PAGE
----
The next TEDxESA will take place at another favorite place, the European Astronaut Center in Cologne somewhere in 2016. Follow TEDxESA on Twitter or Facebook for updates on this event.
On 20 and 21 March 2015 the first SpaceUP Cologne took place. In a magnificient setting The European Astronaut Centre in Cologne http://www.esa.int/Our_Activities/Human_Spaceflight/Astronauts/The_European_Astronaut_Centre
I was only able to attend the first interesting day. The most difficult part is which talk to choose.
Great to see so many friends and new people with the same interest. That´s one of the strong points of SpaceUP´s. There are many to choose from, even in Europe. See for furhter info and events http://spaceup.org/
Once every 2 year the German Aerospace Day (TDLR) takes place. 2 years ago I visited it for the first time, just weeks before my Zero G flight. See for my blogpost of TDLR 2013 https://linda043.wordpress.com/2013/09/23/tdlr13/
It took place on 20 September in Cologne, near the airport. This time I tried to see different things than last time. A visit to the Rosetta Lander Control Center of DLR was high on my wish list. You can read more about it at: http://www.dlr.de/rb/en/desktopdefault.aspx/tabid-4539/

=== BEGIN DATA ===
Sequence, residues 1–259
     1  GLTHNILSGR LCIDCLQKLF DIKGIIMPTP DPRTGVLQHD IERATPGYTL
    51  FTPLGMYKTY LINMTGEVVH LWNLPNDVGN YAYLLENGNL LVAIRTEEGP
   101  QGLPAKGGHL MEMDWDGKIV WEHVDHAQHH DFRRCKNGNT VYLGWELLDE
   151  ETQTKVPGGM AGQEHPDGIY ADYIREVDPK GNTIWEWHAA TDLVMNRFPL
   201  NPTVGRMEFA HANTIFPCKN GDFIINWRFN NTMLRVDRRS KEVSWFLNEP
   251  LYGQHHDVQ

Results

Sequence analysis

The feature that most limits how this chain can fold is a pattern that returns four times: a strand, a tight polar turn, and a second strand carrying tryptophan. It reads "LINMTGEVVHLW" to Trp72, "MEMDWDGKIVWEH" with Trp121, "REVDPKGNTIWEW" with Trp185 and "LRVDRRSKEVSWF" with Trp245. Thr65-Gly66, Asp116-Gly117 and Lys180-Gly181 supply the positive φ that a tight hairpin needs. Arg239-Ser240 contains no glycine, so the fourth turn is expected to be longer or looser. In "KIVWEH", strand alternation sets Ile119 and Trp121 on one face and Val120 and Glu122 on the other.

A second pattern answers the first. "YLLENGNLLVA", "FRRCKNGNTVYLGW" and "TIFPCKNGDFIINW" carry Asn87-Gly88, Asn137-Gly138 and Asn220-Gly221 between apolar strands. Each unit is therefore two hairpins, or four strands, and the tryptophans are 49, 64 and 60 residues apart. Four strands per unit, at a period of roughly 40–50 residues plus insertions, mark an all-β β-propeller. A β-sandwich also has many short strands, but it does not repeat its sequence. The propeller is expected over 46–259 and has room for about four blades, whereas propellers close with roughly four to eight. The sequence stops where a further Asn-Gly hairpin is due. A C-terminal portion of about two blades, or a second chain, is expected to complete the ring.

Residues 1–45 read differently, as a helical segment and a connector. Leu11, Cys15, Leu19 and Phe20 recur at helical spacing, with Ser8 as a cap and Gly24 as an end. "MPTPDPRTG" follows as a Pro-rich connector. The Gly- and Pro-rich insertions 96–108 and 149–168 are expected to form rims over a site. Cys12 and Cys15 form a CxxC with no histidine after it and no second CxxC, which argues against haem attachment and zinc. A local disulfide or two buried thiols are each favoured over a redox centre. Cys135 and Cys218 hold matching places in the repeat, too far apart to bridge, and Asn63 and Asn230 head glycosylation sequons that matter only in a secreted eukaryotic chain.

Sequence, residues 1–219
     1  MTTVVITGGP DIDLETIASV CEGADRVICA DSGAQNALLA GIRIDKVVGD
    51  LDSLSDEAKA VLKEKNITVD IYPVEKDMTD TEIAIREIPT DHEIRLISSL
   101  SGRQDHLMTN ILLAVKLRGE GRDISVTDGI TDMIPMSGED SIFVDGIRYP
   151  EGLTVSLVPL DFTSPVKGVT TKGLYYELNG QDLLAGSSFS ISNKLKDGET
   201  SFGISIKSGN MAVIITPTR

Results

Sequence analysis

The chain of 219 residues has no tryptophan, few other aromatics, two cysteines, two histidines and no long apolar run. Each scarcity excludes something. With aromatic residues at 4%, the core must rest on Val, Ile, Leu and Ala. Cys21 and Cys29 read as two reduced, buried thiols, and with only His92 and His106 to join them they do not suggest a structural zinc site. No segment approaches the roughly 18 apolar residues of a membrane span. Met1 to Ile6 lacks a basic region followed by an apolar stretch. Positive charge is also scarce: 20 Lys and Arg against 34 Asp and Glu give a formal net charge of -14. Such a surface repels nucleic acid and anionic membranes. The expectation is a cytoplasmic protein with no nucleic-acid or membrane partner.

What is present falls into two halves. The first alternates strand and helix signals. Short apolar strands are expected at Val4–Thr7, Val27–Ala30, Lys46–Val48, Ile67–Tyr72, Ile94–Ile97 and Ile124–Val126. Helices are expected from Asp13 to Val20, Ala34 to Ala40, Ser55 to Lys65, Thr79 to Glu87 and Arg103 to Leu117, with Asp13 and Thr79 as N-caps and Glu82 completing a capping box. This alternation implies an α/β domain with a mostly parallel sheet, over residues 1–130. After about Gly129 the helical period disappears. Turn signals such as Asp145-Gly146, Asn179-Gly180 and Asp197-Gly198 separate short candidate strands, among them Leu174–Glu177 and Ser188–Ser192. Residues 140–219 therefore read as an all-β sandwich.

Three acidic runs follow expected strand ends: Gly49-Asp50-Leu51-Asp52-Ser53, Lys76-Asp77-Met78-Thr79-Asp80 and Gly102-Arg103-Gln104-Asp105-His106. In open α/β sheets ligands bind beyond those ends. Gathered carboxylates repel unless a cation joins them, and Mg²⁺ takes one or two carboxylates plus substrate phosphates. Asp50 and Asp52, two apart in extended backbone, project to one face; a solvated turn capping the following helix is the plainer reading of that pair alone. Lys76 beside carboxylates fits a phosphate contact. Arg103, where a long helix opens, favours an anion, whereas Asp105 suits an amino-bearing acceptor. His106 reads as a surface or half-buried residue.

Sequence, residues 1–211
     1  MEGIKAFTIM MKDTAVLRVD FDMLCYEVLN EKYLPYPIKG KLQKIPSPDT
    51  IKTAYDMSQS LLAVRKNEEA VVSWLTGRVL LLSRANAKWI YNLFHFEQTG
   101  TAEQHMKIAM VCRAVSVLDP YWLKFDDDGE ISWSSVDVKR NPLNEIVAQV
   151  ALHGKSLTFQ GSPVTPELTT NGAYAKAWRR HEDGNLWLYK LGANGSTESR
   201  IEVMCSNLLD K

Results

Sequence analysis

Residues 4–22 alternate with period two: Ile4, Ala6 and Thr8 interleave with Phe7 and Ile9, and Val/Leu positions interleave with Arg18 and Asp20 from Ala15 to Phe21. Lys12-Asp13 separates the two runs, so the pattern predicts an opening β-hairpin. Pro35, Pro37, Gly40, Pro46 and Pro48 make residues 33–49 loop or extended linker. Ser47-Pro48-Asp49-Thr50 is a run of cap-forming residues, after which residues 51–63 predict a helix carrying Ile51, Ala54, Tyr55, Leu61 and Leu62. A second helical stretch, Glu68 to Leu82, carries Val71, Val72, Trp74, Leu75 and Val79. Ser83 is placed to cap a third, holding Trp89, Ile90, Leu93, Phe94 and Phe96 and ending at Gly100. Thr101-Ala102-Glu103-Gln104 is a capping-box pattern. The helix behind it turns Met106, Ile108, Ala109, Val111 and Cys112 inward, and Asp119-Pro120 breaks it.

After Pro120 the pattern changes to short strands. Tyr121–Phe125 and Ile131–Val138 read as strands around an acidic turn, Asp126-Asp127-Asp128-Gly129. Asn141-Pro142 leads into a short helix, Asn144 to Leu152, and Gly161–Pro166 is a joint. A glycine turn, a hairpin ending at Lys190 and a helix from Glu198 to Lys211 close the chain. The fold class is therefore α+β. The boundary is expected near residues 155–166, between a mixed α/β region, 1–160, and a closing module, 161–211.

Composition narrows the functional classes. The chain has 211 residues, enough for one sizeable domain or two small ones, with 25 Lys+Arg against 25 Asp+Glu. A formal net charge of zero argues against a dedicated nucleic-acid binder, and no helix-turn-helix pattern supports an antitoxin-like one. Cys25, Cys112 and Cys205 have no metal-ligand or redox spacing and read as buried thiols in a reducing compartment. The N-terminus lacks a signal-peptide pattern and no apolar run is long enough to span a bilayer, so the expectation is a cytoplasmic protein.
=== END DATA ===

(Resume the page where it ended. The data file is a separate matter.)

There were also scientists who explained the audience about the boldest mission of ESA and there were also maquettes of the Lander and Comet 67P.
Next we visited the training hall at EAC: http://www.esa.int/Our_Activities/Human_Spaceflight/Astronauts/The_European_Astronaut_Centre
The last time we only got to see the Colombus training module and this time we saw the rest.
Hereafter we went to the airstrip where a couple of planes are on display. The waiting line for the new Airbus of Emirates was too long. Maybe next time. It’s great to wander around and see the new Zero G airplane on display.
We were just in time back at the stage to see a lot of astronauts on stage. Great talks by a couple of them like Andreas Mogensen who had just returned from a short stay at the ISS.
Air Zero G has retired their old plane (almost 40 years old) and replaced it with an Airbus A320, the former plane
of Angela Merkel. They’ve tested it and it’s ready for the first scientific flights. The first commercial flight will be in June. A lot of familiar faces on this picture.